Criminal Laws Should Connect Guilt to a Defendant’s Intent, House Panel Hears
By Rebecca Cohen | July 19, 2013 3:00 pm

Americans are going to prison for crimes they did not mean to commit because federal criminal statutes often fail to consider the defendant’s intent, witnesses told lawmakers today at a hearing before the House Judiciary Committee’s Over-Criminalization Task Force.

The federal criminal code is expanding quickly, and many of the new laws do not include a mens rea requirement, a provision that requires the defendant to have a “guilty mind,” said Norman Reimer, the executive director of the National Association of Criminal Defense Lawyers. The lack of mens rea leads to cases such as that of Robert Unser, a New Mexico man who was fined for operating a motor vehicle in a national forest after he became lost on his snowmobile during a blizzard.

“Without a clear intent requirement, the individual will not realize when they’re crossing a line,” Reimer said. “That’s not fair, [and] that’s not effective.”

Although the hearing didn’t mention it, the business community is also interested in seeing more criminal laws  bar a guilty verdict unless a crime is found to have been committed willfully and with intention.

That’s because under some statutes, a corporation can be convicted of a crime even when its policies and training were intended to prevent criminal conduct. Under the Foreign Corrupt Practices Act, for example, a corporation can be held criminally liable for employees who act on their own to pay bribes for business — even if senior corporate leadership was unaware of the conduct and didn’t condone it.

Reimer and John Baker, a visiting professor at Georgetown Law School and a former consultant to the Justice Department, recommended that Congress enact a law that will automatically include a mens rea standard in federal criminal statutes.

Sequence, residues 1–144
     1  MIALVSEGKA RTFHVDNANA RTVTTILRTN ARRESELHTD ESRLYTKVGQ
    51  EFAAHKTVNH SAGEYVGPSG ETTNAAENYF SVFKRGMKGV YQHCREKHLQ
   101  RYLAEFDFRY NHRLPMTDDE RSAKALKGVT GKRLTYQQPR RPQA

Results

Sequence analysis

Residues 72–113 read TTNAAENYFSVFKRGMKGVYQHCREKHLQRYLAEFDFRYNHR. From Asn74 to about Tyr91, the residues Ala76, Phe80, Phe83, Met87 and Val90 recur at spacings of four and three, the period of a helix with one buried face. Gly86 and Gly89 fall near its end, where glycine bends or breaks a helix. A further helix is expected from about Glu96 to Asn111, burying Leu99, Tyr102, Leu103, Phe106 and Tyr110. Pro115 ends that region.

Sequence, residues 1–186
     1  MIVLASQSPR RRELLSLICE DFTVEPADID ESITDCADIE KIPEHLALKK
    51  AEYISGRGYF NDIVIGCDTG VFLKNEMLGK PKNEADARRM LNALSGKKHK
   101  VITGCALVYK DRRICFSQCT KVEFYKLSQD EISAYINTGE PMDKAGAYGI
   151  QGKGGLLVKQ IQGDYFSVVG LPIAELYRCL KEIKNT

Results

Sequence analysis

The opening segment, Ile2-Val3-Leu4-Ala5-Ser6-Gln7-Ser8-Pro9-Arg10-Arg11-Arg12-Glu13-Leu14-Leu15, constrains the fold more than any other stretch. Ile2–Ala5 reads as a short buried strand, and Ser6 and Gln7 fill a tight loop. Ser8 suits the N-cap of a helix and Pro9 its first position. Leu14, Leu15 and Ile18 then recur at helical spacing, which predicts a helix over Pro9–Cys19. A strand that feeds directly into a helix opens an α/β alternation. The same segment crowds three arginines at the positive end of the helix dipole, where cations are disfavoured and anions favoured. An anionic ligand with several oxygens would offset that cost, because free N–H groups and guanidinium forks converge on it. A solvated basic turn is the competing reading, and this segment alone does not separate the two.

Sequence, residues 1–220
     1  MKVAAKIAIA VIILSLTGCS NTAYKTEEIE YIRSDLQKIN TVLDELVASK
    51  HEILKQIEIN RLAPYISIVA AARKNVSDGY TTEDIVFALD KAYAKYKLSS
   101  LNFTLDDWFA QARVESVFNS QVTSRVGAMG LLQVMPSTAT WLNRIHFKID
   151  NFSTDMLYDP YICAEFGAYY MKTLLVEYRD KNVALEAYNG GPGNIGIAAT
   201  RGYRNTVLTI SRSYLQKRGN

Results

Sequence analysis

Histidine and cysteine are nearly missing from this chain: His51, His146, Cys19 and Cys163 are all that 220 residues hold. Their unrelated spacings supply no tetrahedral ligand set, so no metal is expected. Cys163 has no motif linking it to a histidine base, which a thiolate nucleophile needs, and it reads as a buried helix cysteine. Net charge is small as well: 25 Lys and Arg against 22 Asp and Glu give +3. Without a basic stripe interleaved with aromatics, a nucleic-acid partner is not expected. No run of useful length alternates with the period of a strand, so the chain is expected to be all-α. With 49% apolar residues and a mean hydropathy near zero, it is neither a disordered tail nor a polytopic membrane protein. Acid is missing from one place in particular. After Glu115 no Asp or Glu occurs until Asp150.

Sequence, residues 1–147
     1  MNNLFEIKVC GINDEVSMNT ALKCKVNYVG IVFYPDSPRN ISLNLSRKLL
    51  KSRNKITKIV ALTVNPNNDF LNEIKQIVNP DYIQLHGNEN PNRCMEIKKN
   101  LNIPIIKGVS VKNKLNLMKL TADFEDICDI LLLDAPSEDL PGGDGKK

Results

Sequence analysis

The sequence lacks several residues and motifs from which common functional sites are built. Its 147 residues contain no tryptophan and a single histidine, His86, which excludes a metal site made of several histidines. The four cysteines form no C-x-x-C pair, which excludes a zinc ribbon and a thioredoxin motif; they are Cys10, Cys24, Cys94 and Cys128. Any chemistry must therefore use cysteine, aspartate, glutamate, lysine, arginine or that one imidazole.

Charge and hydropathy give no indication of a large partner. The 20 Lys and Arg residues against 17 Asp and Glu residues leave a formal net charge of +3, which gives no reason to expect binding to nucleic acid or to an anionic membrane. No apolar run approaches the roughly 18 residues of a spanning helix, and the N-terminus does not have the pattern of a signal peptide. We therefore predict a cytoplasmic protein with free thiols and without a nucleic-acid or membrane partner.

“I know that Congress does not and nobody wants to countenance the notion that ignorance of the law is a defense, but in order to maintain that it is incumbent on Congress to ensure that there is a mens rea,” Baker said.

Task force members on both sides of the aisle appeared receptive to the witnesses’ recommendations. Rep. James Sensenbrenner (R-Wis.), who has introduced legislation to narrow the scope of the federal criminal code, called the lack of a mens rea standard “unacceptable.” And Rep. John Conyers (D-Mich.), the ranking Democrat on the Judiciary Committee, said he agrees that the lack of such a provision presents a risk that innocent individuals will be punished.

“Here in Congress we’ve increasingly strayed from basic principles,” Conyers said. “Federal law is no longer limited to crimes that are readily recognizable.”

Rep. Jerrold Nadler (D-N.Y.) asked whether Congress should also try to address the cost of defense in a federal criminal case, which can add up to tens of millions of dollars, leading many defendants to accept plea deals. Reimer responded enthusiastically.

“We have created a situation in this country where prosecutors are holding all of the cards, all of the discretion,” Reimer said.

Created in June, the bipartisan task force is charged with reviewing the entirety of the estimated 4,500 federal crimes in the U.S. code.


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